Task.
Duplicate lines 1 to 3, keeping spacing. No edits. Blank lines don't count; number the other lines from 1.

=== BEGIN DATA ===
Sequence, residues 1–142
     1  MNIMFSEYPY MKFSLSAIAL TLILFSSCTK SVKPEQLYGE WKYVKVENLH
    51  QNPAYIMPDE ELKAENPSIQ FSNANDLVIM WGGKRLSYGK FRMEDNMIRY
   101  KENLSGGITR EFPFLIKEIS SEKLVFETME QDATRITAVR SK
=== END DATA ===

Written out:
Sequence, residues 1–142
     1  MNIMFSEYPY MKFSLSAIAL TLILFSSCTK SVKPEQLYGE WKYVKVENLH
    51  QNPAYIMPDE ELKAENPSIQ FSNANDLVIM WGGKRLSYGK FRMEDNMIRY